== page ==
25.11.2023 / Publications
The urban landscape is the backdrop against which the everyday lives of most of citizens unfold. However, it is not a neutral space in which citizens go about their business, but rather an influential factor, as both the built and the natural environment of a city play a decisive role in how citizens interact with one another and in their quality of life overall.
Furthermore, SDG 11 aims to make “cities and human settlements inclusive, safe, resilient and sustainable”. One of these aspects in particular, namely ‘safe’, is a paramount element, as without the basic needs of safety satisfied, one cannot talk about inclusiveness, resilience, or sustainability. So, what exactly is a safe city? IFSEC Global defines safe cities as those that “proactively reduce urban crime such as antisocial behavior, street robbery and burglaries through a mixture of policing, technology deployment, and offender management”.
Based on the above reasoning, since the built and natural environment plays a significant role, urban space management should be added to the mixture. What role does the environment play in crime? In order to understand the role that the urban environment plays in the development of a safe city, one needs to look at the ‘chemistry for crime’. Felson and Cohen’s1 routine activities theory (1979) proposes a model of crime causation that states that most predatory crime is caused by the suitability of the target to be overcome by a motivated likely offender in the absence of anyone to stop it (i.e. capable guardian). When these 3 ingredients meet, the opportunity for crime arises. This is affected by the patterns of activity comprising everyday life (i.e., routine activities such as going to school, work, etc.), in the sense that offenders engage in criminal activities en route to or during their regular activities.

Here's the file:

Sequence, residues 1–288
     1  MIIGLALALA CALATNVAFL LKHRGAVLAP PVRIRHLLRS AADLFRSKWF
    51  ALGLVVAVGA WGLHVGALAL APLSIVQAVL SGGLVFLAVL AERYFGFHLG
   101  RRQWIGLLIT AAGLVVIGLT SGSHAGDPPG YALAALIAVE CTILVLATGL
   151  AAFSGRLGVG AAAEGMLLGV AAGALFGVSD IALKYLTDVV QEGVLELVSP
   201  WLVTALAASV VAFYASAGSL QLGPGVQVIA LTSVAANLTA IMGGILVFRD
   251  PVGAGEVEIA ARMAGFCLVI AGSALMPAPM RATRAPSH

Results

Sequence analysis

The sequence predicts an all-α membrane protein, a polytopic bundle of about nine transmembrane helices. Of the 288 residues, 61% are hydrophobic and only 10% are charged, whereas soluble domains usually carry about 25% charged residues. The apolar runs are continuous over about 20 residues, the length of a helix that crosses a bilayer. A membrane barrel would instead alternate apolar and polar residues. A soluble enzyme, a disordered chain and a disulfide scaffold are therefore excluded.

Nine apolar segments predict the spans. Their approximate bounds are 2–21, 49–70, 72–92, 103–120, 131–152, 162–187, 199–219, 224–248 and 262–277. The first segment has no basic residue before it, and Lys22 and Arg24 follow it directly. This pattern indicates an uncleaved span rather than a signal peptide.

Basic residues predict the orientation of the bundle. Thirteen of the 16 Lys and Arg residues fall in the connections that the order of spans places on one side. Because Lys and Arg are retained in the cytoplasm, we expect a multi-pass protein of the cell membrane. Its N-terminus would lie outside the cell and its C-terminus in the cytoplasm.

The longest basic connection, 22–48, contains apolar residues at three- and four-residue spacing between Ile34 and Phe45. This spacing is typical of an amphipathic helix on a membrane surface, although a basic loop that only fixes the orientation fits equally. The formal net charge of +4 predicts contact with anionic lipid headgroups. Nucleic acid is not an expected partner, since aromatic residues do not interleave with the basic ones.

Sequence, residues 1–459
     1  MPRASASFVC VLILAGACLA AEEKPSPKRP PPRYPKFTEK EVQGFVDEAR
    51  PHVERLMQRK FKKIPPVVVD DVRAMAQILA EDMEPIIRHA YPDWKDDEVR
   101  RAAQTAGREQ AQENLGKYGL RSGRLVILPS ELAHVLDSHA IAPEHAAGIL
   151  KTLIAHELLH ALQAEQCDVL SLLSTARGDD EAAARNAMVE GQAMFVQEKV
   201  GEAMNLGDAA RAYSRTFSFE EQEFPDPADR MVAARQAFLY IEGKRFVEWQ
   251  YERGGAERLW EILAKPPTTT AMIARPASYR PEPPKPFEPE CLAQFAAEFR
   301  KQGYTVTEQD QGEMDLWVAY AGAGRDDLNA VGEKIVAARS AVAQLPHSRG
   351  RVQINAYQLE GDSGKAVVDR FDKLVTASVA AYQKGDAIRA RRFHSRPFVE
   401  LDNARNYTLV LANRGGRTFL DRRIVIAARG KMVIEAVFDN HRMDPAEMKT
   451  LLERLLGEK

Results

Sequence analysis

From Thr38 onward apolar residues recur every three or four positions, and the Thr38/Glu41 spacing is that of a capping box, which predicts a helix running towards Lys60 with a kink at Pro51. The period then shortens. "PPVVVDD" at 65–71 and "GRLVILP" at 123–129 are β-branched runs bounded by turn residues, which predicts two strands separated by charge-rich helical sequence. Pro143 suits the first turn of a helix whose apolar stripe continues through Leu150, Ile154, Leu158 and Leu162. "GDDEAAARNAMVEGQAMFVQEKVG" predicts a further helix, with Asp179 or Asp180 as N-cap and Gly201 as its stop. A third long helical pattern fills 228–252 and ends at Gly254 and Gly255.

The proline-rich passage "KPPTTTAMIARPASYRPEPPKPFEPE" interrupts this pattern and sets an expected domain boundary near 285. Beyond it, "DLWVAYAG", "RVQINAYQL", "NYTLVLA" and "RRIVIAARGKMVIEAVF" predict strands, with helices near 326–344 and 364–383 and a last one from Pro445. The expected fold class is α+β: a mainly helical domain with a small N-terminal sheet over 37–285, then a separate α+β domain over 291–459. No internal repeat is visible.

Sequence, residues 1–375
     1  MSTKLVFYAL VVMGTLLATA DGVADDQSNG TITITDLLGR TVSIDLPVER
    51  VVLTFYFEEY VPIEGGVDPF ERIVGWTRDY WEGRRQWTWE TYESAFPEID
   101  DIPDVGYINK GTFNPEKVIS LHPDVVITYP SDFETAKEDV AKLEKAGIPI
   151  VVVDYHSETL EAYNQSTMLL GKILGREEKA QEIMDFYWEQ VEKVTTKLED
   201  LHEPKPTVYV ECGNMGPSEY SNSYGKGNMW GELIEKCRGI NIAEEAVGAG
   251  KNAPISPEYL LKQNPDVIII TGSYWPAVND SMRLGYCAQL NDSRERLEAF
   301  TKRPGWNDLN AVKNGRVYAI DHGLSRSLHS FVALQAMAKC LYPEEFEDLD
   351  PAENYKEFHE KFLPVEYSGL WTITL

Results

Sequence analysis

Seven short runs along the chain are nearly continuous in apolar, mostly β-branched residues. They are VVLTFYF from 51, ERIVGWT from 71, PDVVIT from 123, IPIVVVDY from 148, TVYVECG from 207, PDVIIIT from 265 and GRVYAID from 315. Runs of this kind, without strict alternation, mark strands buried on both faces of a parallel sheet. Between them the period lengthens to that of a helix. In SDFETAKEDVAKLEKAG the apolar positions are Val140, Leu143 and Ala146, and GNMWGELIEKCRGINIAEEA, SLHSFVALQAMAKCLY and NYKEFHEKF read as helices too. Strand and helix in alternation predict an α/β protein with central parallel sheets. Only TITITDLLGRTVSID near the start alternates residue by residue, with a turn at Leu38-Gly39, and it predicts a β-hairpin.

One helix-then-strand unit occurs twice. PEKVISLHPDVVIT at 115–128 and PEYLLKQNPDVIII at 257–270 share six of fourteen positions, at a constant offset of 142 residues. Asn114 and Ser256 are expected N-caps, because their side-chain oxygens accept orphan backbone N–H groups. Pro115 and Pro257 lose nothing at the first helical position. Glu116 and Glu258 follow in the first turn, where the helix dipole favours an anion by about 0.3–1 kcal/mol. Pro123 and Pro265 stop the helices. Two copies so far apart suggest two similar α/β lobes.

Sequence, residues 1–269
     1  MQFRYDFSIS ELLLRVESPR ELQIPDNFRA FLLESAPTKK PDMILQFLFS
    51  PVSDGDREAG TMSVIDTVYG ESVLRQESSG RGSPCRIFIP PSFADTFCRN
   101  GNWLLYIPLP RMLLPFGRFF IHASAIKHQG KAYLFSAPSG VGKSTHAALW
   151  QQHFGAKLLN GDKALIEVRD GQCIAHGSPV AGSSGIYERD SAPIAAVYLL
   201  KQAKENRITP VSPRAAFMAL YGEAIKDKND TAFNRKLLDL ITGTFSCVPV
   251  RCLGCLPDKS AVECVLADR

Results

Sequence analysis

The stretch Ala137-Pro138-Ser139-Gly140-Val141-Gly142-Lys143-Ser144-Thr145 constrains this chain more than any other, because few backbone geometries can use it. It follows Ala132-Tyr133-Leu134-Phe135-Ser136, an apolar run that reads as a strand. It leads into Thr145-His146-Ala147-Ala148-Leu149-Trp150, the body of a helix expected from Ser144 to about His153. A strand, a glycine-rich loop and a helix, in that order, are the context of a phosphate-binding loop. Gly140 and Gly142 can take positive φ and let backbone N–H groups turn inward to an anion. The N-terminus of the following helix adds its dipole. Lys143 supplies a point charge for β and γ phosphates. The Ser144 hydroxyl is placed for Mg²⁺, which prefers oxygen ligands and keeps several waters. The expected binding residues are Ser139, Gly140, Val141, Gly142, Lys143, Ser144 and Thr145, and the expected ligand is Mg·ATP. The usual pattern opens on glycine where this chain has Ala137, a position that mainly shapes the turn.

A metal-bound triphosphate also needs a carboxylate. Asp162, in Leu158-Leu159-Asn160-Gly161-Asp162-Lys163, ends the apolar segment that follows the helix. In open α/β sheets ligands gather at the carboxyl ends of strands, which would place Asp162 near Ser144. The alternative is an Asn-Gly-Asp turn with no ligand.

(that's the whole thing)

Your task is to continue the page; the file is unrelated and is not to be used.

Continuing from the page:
This report is focused on the ‘place’, the urban environment, and on what various ‘place managers’ can do to shape the urban environment in such a way that it does not turn into ‘fortressing’. The report was generated at the Cluj Urban Safety Lab. The lab convened actors from 4 countries (Romania, Bulgaria, Germany, USA) with diverse backgrounds2 who had the willingness and the ability to contribute to the analysis of how the built and natural environment affects (enables or inhibits) gender violence in the city of Cluj-Napoca, Romania and to propose solutions.
- Cohen, L. E., & Felson, M. (1979). Social Change and Crime Rate Trends: A Routine Activity Approach. American Sociological Review, 44(4), 588–608. https://doi.org/10.2307/2094589
- City administration (Romania); Regional administration (Germany); Social Science Research; Academia; Architecture and urban planning & design (Romania, Bulgaria); Social sector (A wide range of topic-focused NGOs from human rights to gender-based programming); Arts; Strategy (Romania and US); Urban planning; Urban systems; Journalism; Policy; Human rights/LGBTQA+.
We are grateful to all participants and to the challenge holders for their engagement and substantive contributions.
Contributors and Acknowledgements:
Adina Moldan – Cluj-Napoca City Hall, Alexandra Columban – ACTEDO, Cristina Gallegos – Bosch Alumni Network, Delia Fluieraș – Cluj-Napoca City Hall, Isabella Pirlogea – PATRIR, István Deák – Bosch Alumni Network, Marina Constantinoiu – Bosch Alumni Network, Mihai Racu – Faculty of Architecture and Urban Design, Technical University of Cluj-Napoca, Norina Herki – PATRIR, Nurhan Redzheb – Bosch Alumni Network, Ovidiu-Hristu Condurache – Bosch Alumni Network, Sonja Broy – Bosch Alumni Network, Bogdana Neamțu – Faculty of Political, Adminsitrative and Communication Sciences, Babes-Bolyai University, Cristina Labo – NiZNAiU`, Mădălina Mocan – Platforma ProTect.